• Some of the Group’s activities are in mature markets. It is inevitable that there will be some decline in demand in these markets because in a recession demand falls and customers of Davis reduce their requirements and spending levels.

However, at the same time, Davis Service Group has been growing rapidly in new markets such as Poland, the Baltics, and the Czech Republic. These economies are emerging markets at different stages of the business cycle. This means that because their economies are still developing and textile rental is a new service, the impact of the recession is smaller. As Davis is developing a new market, it therefore sees its sales continuing to increase.


Managing firms throughout the business cycle

The way to survive and prosper in a recession is to reduce costs, such as cutting out any waste activity and outperforming competitors. In a recession:

  • demand for company products and services falls
  • jobs are lost in the economy
  • many businesses cut down on their investment in new plant and equipment
  • businesses close down.

In Davis’ mature markets, there has been some decline in demand. The Group has responded by cutting back on products and services that are not performing so well. One of Davis’ services is to supply and clean workers’ overalls for industrial companies. As jobs are lost in the wider economy during a recession, manufacturing companies require fewer work clothes. Davis therefore has to discuss with customers where layoffs will occur and how this will impact on its sales. For example, it will seek alternative wearers such as canteen workers. However, the recession may also encourage some companies, who at present manage their textile needs within the business, to consider outsourcing their requirements. This will generate additional custom for Davis. At the same time, Davis can look to make cost savings. The Group currently sources some of its textile products from the Far East and China. As demand falls, the Group could increase the proportions of goods supplied from such cheaper sources.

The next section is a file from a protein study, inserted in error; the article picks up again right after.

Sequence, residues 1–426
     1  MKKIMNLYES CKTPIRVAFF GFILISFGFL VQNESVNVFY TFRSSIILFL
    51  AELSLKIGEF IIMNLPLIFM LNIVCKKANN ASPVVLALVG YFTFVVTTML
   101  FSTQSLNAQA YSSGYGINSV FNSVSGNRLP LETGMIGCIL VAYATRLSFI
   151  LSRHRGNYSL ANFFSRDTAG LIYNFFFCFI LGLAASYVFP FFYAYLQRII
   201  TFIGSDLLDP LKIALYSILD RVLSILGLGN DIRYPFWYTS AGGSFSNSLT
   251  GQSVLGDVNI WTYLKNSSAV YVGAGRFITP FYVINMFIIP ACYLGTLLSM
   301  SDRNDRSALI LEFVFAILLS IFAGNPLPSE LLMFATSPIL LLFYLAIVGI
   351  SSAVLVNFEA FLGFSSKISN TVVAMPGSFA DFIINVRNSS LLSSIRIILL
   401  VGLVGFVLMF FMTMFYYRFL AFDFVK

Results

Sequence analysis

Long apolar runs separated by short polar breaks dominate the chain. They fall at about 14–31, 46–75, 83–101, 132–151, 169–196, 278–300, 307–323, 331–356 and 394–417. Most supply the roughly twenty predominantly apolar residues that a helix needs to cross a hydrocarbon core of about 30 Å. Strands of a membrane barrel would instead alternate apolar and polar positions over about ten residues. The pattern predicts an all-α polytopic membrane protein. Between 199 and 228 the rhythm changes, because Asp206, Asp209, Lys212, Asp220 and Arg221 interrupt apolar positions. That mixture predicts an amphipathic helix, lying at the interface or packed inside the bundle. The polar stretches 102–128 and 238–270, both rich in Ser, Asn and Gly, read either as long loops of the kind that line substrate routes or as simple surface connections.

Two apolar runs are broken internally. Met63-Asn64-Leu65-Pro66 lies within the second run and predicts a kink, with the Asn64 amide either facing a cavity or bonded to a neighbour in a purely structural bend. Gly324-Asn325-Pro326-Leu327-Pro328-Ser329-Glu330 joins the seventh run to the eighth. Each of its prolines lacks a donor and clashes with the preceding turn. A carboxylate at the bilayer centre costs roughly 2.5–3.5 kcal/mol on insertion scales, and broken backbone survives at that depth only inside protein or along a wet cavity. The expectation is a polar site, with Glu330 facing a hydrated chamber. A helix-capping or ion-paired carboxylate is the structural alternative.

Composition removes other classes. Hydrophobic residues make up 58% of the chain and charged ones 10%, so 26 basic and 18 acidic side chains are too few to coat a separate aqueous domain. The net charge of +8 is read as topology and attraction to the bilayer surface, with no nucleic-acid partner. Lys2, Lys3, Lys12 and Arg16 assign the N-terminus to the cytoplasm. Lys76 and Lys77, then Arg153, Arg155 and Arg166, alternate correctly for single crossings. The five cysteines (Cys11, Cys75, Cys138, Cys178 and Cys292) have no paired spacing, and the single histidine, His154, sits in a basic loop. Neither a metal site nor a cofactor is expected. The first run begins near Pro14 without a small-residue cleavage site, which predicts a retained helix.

Falling investment by companies in a recession has a limited impact on Davis Service Group’s sales. The company typically supplies on three-year contracts.

Textiles such as bed linen (for a hotel or hospital) are bought for customers continuously throughout the year. The customer uses as many of these textiles as it needs to run its operations during the contract period. The textiles are used for up to three years before the products complete their useful lives. This sequence needs precise timing. For example, it is important that the purchase of linens for hotels is completed before the run-up to the peak summer season.

The recession has forced some companies to close down certain operations altogether. However, this is not the approach Davis has taken. It continually re-allocates production between its plants to make the best use of resources. It also puts aside or ‘moth-balls’ other plants or production lines when demand is less. In this way, the company is best placed to increase supply when recovery occurs.

Managing a business through a recession requires careful planning. One key advantage for Davis is that it empowers managers in local operations to make decisions for themselves. Local managers are best placed to understand local market conditions and can decide on staffing levels, textile purchases, distribution requirements and important ongoing contact with the customer.

At a central level financial experts at the company consider how best to deal with changes in interest rates and exchange rates. The exchange rate is the rate at which one country’s currency can be exchanged for other currencies. For example, Davis operates both in the UK where the currency is the pound sterling, as well as in other parts of the European Union where the Euro is used. In 2008 and 2009 the value of the pound fell against the Euro. As a consequence, Davis’s business on the Continent became more valuable to it.